Dr D. Martyn Lloyd-Jones
There was concern once again over Lloyd-Jones’ health in the early summer of 1949. He felt exhausted and suffered from catarrh as well as other ailments, such as depression due to overwork.
Wisely, he decided to seek the medical advice of his former hospital boss, Lord Horder. The latter had no doubt that Lloyd-Jones needed a prolonged period of rest. Lloyd-Jones had a trip planned for July and August in the United States, with a punishing speaking schedule in churches and conferences.
Lord Horder directed that the trip should be cancelled in order to secure a period of rest. His advice was accepted so at the end of June he took his wife to west Wales. The following weeks were significant for many reasons.
Part of the summer break included several days’ residence during July at a clinic near Bristol, where he had treatment for catarrh. He spent much of the fortnight on his own in a private room, while his wife and family returned to London for a few days.
Darkness and light
Not only was he unwell, but, in addition, he had been struggling for some time with a temptation to question, against his will, the support of an important friend whom he valued. He had no evidence for doubting this friend, yet these powerful, negative thoughts contributed to his darkness of soul and depression.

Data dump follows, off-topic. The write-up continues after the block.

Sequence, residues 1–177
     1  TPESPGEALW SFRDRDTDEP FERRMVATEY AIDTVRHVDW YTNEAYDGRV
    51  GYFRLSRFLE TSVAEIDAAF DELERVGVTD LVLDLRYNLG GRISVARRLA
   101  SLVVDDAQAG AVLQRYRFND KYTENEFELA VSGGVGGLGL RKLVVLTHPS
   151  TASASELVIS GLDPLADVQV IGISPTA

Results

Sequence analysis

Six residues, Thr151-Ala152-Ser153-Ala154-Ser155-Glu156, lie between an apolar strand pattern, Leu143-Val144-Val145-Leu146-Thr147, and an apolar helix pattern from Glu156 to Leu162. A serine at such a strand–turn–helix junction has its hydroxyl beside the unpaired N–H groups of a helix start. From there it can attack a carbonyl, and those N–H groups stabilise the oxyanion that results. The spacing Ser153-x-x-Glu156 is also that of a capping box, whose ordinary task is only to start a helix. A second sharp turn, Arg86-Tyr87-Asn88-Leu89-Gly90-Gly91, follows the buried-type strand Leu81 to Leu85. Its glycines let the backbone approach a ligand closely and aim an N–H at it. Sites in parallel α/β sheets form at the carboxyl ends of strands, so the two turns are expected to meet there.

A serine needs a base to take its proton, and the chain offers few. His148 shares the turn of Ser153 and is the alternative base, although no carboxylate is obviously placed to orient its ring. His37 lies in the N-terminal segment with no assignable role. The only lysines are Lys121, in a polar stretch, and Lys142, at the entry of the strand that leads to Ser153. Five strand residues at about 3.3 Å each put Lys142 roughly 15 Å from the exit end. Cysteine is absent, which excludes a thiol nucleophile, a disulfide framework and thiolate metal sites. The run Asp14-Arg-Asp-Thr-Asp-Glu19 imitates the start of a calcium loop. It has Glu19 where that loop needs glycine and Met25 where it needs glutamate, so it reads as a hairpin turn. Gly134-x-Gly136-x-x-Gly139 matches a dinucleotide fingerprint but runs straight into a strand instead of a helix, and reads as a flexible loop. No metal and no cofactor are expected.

Early one morning he sensed evil in his room and experienced ‘complete agony of soul’. He knew the devil was near, but as he dressed, the situation changed dramatically.
One of Arthur W. Pink’s sermons lay open alongside his bed and his eye suddenly fastened on the word ‘glory’ on one of the pages. Suddenly, he felt surrounded by God’s presence and the love of God was poured into him, giving him amazing assurance and degrees of joy and light he had never known before in his Christian experience. For a number of days, this overwhelming joy stayed with him.
It was an experience he did not write about and rarely referred to. He never gave a label to it. However, he regarded it as a genuine experience of the Holy Spirit in which he was given a deep certainty concerning his own personal salvation and an intense, intimate enjoyment of the Lord.
In late July, the whole family went to stay on a farmhouse near Bala. Still tired and listless, it took several days for Lloyd-Jones to regain any vigour. But on a Saturday evening in the farmhouse, he was alone reading the hymns of a famous Welsh hymn writer, William Williams (1717-1791), when he knew God’s felt presence and the reality of his love.
This experience seemed greater than even on the first occasion in the Bristol clinic. The realities of the gospel and of heaven became gloriously real to him once again.
Iain Murray, in his biography of Lloyd-Jones, suggests that these two experiences represented a new phase and emphasis in his ministry. He is correct. Reflecting much later on these experiences, Lloyd-Jones acknowledged it was ‘a real turning point’, in which he found a better balance between the doctrinal and experiential aspects in his preaching.
And the following days and months confirm this fact. For example, with little warning, some Christian students sought his help while he was holidaying at this time in North Wales. He had met the students earlier in the year, when he had preached evangelistically for them in Bangor University.